In a First, Woman May Have Been Cured of HIV

The process was similar to those the men who went before her underwent
By Kate Seamons,  Newser Staff
Posted Feb 15, 2022 2:55 PM CST
4th Patient, This Time a Woman, Likely Cured of HIV
This 2012 colorized electron microscope image made available by the National Institute of Allergy and Infectious Diseases shows a single human immunodeficiency virus, center, as it was budding from a human immune cell, which the virus had infected, and within which the HIV virus had been replicated.   (NIAID via AP)

Tuesday brought big news on the HIV front, this time involving a woman who scientists have possibly cured of the disease. NBC News reports she's the first woman in a group that now numbers at most four (two additional women may have been cured, but via their own immune systems, not a medical intervention). The three men who were cured before her managed that feat via stem cell transplants. The "New York patient's" experience was slightly different. The woman was diagnosed with HIV in 2013 and with leukemia four years later, and was treated at New York-Presbyterian Weill Cornell Medical Center in New York City. Like the men before her, doctors wanted to inject stem cells that carried a crucial mutation, to a gene called CCR5, that results in HIV resistance.

The Wall Street Journal explains where things deviated: The woman is of mixed race, and no matching stem cell donor turned up that had the CCR5 mutation. That's not surprising: It's typically found in Caucasians from Northern Europe, but even then in only very slim numbers—around 1%. So the team devised a new treatment: a transplant of stem cells in umbilical-cord blood. "Cord blood grafts are much more permissive," says Koen Van Besien, who came up with the procedure. That meant a partial match was sufficient. The transplant happened in 2017; she has had no detectable HIV since stopping antiretrovirals in October 2020.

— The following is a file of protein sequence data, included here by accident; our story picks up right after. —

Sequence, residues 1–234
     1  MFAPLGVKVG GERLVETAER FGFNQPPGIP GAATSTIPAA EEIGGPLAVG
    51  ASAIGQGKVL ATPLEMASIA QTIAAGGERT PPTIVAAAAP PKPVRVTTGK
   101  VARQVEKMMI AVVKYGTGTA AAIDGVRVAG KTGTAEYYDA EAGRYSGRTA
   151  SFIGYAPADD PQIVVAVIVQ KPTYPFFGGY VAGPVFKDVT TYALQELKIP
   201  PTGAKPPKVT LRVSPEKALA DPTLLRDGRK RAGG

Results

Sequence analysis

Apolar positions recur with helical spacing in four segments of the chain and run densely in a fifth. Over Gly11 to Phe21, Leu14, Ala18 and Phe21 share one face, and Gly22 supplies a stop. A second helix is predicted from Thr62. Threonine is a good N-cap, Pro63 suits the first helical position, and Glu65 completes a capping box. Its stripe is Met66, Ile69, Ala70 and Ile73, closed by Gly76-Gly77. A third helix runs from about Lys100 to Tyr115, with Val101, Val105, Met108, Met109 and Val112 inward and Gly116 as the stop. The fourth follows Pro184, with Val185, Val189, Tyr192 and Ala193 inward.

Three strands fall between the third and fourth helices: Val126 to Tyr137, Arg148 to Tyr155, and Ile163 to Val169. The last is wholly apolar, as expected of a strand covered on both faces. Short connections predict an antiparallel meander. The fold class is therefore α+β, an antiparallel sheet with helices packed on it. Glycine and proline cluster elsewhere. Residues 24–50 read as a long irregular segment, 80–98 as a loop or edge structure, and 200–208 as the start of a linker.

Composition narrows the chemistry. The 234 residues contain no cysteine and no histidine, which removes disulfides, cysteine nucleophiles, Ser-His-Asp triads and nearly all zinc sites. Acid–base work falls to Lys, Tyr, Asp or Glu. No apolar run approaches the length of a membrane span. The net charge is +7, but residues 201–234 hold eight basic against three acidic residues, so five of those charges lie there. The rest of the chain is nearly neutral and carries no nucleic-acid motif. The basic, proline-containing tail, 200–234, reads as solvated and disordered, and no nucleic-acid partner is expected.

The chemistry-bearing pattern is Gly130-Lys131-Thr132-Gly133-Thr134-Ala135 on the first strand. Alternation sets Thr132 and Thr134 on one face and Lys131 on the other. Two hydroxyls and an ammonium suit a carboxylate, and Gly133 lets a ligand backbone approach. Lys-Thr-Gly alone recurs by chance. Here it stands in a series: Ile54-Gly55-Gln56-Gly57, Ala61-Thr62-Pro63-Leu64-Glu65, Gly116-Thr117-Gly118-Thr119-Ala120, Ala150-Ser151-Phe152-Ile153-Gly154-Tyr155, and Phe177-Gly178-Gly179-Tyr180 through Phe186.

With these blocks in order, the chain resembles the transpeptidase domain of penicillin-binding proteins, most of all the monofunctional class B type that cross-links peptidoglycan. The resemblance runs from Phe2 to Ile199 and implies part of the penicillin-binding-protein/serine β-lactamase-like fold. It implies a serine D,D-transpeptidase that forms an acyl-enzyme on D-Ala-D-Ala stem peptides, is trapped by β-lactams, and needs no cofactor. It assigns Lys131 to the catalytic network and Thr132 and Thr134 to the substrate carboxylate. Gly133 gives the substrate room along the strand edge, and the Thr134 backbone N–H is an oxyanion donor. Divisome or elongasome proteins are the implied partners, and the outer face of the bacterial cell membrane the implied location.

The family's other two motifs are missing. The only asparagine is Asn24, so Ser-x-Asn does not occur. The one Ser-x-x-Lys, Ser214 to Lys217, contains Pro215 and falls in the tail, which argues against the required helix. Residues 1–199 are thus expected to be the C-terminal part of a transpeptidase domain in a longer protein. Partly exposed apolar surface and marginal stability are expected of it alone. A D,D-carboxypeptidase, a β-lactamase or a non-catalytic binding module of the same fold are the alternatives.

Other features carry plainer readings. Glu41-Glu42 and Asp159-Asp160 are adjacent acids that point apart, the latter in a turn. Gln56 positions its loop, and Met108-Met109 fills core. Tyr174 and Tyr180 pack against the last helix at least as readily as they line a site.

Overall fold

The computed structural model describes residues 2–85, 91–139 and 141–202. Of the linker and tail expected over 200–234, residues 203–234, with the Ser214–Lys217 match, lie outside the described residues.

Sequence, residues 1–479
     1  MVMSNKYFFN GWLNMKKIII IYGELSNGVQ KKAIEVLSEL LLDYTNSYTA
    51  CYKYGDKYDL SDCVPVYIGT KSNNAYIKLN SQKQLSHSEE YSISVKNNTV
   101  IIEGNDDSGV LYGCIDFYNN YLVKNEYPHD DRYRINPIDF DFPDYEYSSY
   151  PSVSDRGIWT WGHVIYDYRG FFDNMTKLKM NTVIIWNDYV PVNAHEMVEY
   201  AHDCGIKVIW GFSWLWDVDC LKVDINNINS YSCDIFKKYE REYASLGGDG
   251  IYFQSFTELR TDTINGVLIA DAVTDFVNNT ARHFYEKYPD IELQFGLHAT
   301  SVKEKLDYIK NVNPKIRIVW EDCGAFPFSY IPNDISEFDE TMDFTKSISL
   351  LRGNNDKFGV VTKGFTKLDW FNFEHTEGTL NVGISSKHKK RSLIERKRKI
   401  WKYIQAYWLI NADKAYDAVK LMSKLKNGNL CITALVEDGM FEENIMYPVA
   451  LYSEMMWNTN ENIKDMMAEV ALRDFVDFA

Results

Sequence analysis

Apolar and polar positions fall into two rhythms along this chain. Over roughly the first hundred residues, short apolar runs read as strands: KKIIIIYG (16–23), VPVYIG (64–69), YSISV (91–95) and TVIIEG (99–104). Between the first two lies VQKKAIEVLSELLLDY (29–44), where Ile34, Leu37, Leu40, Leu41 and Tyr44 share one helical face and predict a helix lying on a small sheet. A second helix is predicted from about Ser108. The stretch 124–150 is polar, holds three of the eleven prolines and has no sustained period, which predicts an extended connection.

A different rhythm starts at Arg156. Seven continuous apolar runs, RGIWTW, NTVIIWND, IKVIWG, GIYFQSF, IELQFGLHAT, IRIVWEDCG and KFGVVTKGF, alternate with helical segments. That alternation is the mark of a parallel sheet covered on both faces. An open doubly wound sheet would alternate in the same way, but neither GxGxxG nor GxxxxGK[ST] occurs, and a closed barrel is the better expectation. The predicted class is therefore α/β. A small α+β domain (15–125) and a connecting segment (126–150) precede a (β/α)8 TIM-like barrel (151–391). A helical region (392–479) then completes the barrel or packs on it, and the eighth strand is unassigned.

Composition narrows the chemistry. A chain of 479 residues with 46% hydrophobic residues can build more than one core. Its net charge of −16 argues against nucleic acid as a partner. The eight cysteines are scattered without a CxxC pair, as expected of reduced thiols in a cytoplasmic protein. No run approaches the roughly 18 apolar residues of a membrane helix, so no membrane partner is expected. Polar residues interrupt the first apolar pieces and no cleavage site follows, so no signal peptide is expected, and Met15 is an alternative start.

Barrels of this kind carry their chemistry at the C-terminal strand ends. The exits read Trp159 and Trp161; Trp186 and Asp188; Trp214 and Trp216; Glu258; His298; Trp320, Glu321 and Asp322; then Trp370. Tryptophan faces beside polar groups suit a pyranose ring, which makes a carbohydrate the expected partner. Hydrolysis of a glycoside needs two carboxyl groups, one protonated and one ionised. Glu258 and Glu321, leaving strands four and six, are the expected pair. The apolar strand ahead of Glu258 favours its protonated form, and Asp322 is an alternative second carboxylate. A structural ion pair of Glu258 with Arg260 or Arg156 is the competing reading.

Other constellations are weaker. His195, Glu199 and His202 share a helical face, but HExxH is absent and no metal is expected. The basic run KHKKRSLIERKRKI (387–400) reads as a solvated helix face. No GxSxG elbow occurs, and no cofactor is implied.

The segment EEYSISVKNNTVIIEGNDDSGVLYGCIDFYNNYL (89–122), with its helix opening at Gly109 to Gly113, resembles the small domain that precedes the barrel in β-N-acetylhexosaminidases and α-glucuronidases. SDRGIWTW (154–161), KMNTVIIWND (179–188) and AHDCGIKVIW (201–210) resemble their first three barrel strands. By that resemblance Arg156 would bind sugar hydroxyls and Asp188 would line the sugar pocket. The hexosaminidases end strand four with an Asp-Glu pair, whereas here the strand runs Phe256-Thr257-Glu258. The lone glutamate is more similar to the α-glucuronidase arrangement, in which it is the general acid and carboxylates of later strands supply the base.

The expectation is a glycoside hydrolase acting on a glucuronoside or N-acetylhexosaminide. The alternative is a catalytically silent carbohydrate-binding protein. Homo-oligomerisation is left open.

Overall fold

That the procedure worked signals "the potential to cure dozens of Americans who have both HIV and cancer each year," per the New York Times. Stem cell transplants are expensive and highly risky, so they're not an ethical treatment option for HIV patients who don't require one for another medical reason. As such, it's "still not a feasible strategy for all but a handful of the millions of people living with HIV," one expert tells NBC. (More HIV stories.)

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